Lake Mburo National Park, located in the western part of Uganda, is a popular destination known for its diverse wildlife and stunning landscapes. One of the major attractions of this national park is its abundant birdlife.
The park boasts over 350 recorded bird species ranging from waterbirds, savannah, and woodland birds. The presence of the lake Mburo near the park provides a significant habitat for the birds, making it a birder’s paradise.
The birds in Lake Mburo National Park are not only visually appealing, but they also play a crucial role in the park’s ecosystem.
In this article, we will explore the different bird species found in the park, their unique features, and why they make this park an excellent spot for bird watching.
1. Pied Kingfisher
The Pied Kingfisher is a species of water kingfisher found in Africa and Asia. It has black and white plumage, with males sporting a double band across the breast while females have one single band.
This bird makes its presence known by hovering over clear waters before diving for fish – making it easily recognizable.
The diet consists mostly of small aquatic animals such as frogs, crustaceans and insects, but they also consume some plant matter like seeds or fruits occasionally.
The pied kingfisher nests near bodies of water where it can feed off smaller creatures that dwell there; usually in burrows dug into riverbanks or on floating vegetation close to shorelines.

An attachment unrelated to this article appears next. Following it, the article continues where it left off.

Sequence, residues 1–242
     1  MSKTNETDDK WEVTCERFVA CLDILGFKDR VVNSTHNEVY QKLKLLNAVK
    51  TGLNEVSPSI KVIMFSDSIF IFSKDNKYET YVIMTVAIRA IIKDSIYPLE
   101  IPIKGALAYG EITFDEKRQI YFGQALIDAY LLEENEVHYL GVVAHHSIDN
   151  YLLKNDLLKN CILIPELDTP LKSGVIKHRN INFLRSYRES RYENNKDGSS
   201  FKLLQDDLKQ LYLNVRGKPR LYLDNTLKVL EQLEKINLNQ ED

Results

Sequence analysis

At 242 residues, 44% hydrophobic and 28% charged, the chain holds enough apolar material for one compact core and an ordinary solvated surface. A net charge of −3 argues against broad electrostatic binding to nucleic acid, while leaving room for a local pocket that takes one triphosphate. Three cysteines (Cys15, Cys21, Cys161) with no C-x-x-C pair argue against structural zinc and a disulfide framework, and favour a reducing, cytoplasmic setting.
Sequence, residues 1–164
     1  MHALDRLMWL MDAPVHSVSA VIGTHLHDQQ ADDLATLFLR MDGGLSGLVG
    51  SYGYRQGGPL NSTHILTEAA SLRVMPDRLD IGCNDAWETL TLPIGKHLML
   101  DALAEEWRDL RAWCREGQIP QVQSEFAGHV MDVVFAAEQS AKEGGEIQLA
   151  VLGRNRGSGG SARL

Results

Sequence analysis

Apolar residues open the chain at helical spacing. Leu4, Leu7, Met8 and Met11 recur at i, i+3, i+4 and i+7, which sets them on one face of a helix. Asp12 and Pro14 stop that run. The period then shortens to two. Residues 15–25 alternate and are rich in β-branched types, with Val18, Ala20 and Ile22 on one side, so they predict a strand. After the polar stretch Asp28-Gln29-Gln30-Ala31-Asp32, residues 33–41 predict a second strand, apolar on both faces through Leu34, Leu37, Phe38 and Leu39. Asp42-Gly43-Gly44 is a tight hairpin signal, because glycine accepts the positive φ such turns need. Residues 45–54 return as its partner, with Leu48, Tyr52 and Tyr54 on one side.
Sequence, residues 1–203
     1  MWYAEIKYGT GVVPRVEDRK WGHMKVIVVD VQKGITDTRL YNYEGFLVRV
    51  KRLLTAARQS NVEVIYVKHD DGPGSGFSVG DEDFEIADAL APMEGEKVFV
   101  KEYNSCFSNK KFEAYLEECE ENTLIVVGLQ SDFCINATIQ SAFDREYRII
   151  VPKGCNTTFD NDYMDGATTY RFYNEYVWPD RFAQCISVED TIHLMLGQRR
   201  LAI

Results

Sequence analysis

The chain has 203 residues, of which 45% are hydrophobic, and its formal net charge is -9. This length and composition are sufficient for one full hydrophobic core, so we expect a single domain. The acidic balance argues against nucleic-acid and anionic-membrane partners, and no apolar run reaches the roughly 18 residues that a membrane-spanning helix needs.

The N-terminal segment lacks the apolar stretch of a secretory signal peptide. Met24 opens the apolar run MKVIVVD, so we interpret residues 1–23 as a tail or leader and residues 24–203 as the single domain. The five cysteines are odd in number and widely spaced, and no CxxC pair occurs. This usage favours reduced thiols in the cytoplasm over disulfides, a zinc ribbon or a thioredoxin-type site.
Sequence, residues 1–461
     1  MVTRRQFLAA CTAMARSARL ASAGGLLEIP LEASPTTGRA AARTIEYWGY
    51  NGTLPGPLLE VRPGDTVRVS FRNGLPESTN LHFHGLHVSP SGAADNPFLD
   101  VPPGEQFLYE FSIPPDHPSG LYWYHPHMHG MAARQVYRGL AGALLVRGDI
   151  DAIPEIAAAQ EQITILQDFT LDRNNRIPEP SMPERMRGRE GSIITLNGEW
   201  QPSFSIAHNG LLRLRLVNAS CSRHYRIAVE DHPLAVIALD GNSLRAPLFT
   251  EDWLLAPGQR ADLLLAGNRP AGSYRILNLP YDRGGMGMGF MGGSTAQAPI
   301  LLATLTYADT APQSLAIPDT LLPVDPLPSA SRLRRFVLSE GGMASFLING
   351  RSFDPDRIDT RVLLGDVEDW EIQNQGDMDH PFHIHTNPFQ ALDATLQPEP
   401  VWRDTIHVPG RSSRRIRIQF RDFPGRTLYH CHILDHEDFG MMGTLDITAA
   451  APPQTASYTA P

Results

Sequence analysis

With their distinct colors and behavior patterns these birds make an interesting addition to any wildlife enthusiast’s list.Scientific classification:
|Genus||Ceryle F. Boie, 1828|
2. Bare-Faced Go-Away-Bird
The Bare-faced go-away-bird is an eye catching species of bird native to eastern Afrotropics. It stands out due to its unique bare black face, setting it apart from other birds in the Musophagidae family.
Both sexes are similar except for the female’s green beak and both measure about 19 inches long with a weight of 210 – 300 grams.
These birds make quite a bit of noise as they move around restlessly throughout their habitat, making them easily recognizable by sound alone.
They feed mainly on fruits such as figs and berries which gives them plenty energy for all that movement.
All in all, this species makes an interesting addition to any nature enthusiast’s list of sightings or even just backyard visitors.Scientific classification:
3. Malachite Kingfisher
The Malachite Kingfisher is a beautiful bird found in Africa south of the Sahara. It has bright blue wings and tail, with greenish-black upperparts, white chin and breast and orange lower belly.
The species was first described by German naturalist Peter Simon Pallas in 1764 who gave it its binomial name “Alcedo cristata”.
This kingfisher typically inhabits rivers where it feeds on fish, frogs as well as aquatic invertebrates like crustaceans and insects.
Although mainly resident throughout the year, some do make seasonal movements due to climate changes.
These birds are monogamous during breeding season which usually lasts from August till October when they build their nests inside river banks or overhanging vegetation near water bodies.Scientific classification:
4. Blue-Headed Coucal
The Blue-headed coucal is a beautiful and unique species of cuckoo found in tropical central Africa. It inhabits areas near swamps, rivers, forests edges and other wet environments.
This bird is quite common with a large range which has led the IUCN to rate its conservation status as “least concern”.
Its distinguishing feature are its striking blue head feathers that it uses for courtship displays when searching for mates during breeding season.
The diet consists mainly of insects but can also include small reptiles or amphibians if available.
Despite their wide range they remain vulnerable due to changes in land use such as deforestation or agricultural development so careful monitoring must continue to ensure the survival of this charming species.Scientific classification: